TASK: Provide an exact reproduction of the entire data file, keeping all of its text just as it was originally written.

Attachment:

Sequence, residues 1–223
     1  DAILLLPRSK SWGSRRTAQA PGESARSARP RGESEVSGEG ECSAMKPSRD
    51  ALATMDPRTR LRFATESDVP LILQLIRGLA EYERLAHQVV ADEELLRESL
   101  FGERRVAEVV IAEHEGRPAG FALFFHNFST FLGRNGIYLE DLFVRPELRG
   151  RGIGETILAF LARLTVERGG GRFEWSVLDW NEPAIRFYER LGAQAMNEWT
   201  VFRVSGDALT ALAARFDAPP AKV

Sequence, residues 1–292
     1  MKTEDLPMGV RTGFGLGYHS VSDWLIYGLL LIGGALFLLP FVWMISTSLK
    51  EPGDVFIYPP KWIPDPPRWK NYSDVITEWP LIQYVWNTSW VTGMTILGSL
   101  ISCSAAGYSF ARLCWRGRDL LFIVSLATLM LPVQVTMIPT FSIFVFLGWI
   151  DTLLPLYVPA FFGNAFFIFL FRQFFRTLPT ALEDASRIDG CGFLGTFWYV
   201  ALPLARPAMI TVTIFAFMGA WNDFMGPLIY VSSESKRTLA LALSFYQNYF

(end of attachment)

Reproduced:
Sequence, residues 1–223
     1  DAILLLPRSK SWGSRRTAQA PGESARSARP RGESEVSGEG ECSAMKPSRD
    51  ALATMDPRTR LRFATESDVP LILQLIRGLA EYERLAHQVV ADEELLRESL
   101  FGERRVAEVV IAEHEGRPAG FALFFHNFST FLGRNGIYLE DLFVRPELRG
   151  RGIGETILAF LARLTVERGG GRFEWSVLDW NEPAIRFYER LGAQAMNEWT
   201  VFRVSGDALT ALAARFDAPP AKV

Sequence, residues 1–292
     1  MKTEDLPMGV RTGFGLGYHS VSDWLIYGLL LIGGALFLLP FVWMISTSLK
    51  EPGDVFIYPP KWIPDPPRWK NYSDVITEWP LIQYVWNTSW VTGMTILGSL
   101  ISCSAAGYSF ARLCWRGRDL LFIVSLATLM LPVQVTMIPT FSIFVFLGWI
   151  DTLLPLYVPA FFGNAFFIFL FRQFFRTLPT ALEDASRIDG CGFLGTFWYV
   201  ALPLARPAMI TVTIFAFMGA WNDFMGPLIY VSSESKRTLA LALSFYQNYF